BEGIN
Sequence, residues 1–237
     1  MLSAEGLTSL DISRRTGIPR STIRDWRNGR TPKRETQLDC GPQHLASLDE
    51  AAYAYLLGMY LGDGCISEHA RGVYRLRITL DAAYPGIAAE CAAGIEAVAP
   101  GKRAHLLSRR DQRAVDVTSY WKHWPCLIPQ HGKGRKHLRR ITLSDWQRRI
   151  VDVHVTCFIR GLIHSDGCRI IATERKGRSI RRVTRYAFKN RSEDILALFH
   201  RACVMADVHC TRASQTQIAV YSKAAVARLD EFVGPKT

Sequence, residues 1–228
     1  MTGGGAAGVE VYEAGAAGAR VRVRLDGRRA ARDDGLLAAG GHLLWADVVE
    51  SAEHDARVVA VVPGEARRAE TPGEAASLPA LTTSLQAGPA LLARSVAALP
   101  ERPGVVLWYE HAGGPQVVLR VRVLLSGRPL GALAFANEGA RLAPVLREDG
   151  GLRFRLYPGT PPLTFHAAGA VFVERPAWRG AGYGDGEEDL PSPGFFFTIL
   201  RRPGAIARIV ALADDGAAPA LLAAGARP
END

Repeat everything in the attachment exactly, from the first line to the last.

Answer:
Sequence, residues 1–237
     1  MLSAEGLTSL DISRRTGIPR STIRDWRNGR TPKRETQLDC GPQHLASLDE
    51  AAYAYLLGMY LGDGCISEHA RGVYRLRITL DAAYPGIAAE CAAGIEAVAP
   101  GKRAHLLSRR DQRAVDVTSY WKHWPCLIPQ HGKGRKHLRR ITLSDWQRRI
   151  VDVHVTCFIR GLIHSDGCRI IATERKGRSI RRVTRYAFKN RSEDILALFH
   201  RACVMADVHC TRASQTQIAV YSKAAVARLD EFVGPKT

Sequence, residues 1–228
     1  MTGGGAAGVE VYEAGAAGAR VRVRLDGRRA ARDDGLLAAG GHLLWADVVE
    51  SAEHDARVVA VVPGEARRAE TPGEAASLPA LTTSLQAGPA LLARSVAALP
   101  ERPGVVLWYE HAGGPQVVLR VRVLLSGRPL GALAFANEGA RLAPVLREDG
   151  GLRFRLYPGT PPLTFHAAGA VFVERPAWRG AGYGDGEEDL PSPGFFFTIL
   201  RRPGAIARIV ALADDGAAPA LLAAGARP